Warning! Some of these photos may trigger vertigo!
By having severe bilateral Meniere’s disease, it has come to my attention that there are many different words to use other than “dizzy.” A few come to mind: light-headedness, dizziness, vertigo, spinning, giddiness. They are all trying to get across the message that something is wrong with me. However, it is difficult to explain what you are trying to describe to your doctor, nurse, spouse, or friend.
Vertigo is when a person feels like the room, or in other situations the world, is in spinning movement or motion without it really occurring. Sounds easy enough to explain, “I am dizzy.” But this is where it can get complicated.
When vertigo is perceived as a spinning inside yourself it’s known as subjective vertigo. It does not involve the effect of seeing objects moving around your environment.
Objective vertigo, on the other hand, is when the environment is seen as spinning or moving around you.
They may sound very similar and maybe thought to be the same to the person experiencing them, but they are totally different and an understanding between them is important in helping to make a diagnosis by my/your doctor.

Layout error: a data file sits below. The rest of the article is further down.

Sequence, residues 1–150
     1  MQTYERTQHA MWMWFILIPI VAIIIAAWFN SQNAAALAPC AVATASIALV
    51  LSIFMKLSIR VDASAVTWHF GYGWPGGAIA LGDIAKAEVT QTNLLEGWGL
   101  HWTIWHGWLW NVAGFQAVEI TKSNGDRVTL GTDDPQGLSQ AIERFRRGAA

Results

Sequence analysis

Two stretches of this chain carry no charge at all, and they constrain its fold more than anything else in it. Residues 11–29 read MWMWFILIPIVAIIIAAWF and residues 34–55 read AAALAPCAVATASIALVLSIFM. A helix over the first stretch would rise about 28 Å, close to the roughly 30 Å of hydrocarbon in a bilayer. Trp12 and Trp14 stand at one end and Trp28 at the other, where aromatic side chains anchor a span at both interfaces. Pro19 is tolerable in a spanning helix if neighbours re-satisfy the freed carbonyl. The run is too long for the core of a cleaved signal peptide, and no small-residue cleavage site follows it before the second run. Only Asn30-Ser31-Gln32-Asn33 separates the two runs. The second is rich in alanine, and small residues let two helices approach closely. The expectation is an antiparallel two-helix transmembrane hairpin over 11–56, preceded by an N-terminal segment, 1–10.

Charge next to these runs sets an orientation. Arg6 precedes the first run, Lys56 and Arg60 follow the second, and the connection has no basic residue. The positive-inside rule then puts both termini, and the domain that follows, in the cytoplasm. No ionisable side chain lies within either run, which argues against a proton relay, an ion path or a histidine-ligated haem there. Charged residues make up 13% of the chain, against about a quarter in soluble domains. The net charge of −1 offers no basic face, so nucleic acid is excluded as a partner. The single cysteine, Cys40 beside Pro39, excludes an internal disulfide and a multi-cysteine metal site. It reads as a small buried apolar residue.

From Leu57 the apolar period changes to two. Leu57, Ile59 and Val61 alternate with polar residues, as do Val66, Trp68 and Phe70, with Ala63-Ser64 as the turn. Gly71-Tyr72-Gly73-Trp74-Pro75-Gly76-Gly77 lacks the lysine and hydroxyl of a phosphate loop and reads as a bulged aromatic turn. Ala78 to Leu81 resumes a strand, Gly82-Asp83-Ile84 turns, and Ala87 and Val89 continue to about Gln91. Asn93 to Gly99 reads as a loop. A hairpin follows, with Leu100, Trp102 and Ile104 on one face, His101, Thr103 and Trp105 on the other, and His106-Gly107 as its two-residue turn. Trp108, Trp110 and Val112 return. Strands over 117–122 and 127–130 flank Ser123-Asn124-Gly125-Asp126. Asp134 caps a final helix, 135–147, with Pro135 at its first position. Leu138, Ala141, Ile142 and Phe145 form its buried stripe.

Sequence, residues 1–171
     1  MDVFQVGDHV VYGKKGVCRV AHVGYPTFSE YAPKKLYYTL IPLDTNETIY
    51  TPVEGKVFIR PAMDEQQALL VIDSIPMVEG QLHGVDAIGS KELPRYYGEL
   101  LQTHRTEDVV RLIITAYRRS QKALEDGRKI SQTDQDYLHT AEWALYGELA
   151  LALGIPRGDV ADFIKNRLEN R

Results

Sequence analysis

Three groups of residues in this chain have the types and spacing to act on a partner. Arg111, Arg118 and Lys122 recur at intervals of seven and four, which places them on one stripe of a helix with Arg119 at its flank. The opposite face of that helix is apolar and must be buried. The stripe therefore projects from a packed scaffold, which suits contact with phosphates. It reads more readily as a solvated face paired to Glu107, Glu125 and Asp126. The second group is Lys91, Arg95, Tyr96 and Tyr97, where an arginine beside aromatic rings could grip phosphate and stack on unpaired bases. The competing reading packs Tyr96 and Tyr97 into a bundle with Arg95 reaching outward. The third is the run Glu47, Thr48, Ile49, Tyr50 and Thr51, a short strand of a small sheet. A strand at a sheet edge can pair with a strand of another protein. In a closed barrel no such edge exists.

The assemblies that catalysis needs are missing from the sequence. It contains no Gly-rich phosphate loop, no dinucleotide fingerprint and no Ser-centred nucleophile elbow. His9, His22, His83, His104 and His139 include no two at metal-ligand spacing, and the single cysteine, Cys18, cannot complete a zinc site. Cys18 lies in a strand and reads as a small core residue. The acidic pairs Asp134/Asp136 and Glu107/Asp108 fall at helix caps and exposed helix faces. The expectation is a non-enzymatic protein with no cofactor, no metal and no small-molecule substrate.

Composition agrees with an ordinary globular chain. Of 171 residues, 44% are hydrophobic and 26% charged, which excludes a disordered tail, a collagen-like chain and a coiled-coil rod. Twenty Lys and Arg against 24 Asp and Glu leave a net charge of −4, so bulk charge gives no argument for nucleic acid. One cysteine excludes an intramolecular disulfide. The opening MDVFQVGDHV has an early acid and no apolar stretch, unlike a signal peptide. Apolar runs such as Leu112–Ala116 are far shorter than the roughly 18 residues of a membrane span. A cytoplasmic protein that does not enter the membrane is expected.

Then there is what is called “pseudovertigo.” That is a sensation of spinning in one’s own head. Best explained as if one gets up too fast from a sitting position or when being anxious. There is no vertigo associated with this, either Objective or Subjective.
Quick Spin Vertigo, is my own name for Objective Vertigo that lasts for one to maybe three seconds. It is over as fast as it starts with no lasting side effects or reason. No one has been ever to explain what it is or the cause of it. It just happens, and then it is over. It usually requires grabbing something to hold on to for balance control.
Just as important is know what Spatial Disorientation is. That is when a person feels like he/she does not know where one’s body is in compared to being in space being vertical and horizontal.
It is enough to make your head spin just trying to understand it all and let alone trying to explain what is happening to you while answering questions from your doctor wanting more information. Did you fall? Did you throw up? Did you hit your head? Have you had a cold? Have you changed medications? Did you lose your hearing? Did you sweat? How long did it last? I don’t know. “I’m dizzy.” Isn’t that good enough of an explanation for you?
Again, no it is not. You need to beware of all the information out there and become your own advocate about your condition. The more accurate description you can give your health care provider, the better he/she will be able to help you. It is the first step in trying to figure out what is wrong and develop a treatment program.
Being familiar with the many faces of vertigo personally, I have created , through the use of my camera lens and the computer, a visually representation of these faces of vertigo in order to physically show what is meant by each one. Please feel free to copy them and take them your physician or to show your family, friends, and co-workers if you need visual explanation of what it means to have vertigo or being dizzy. -Daniel Pancy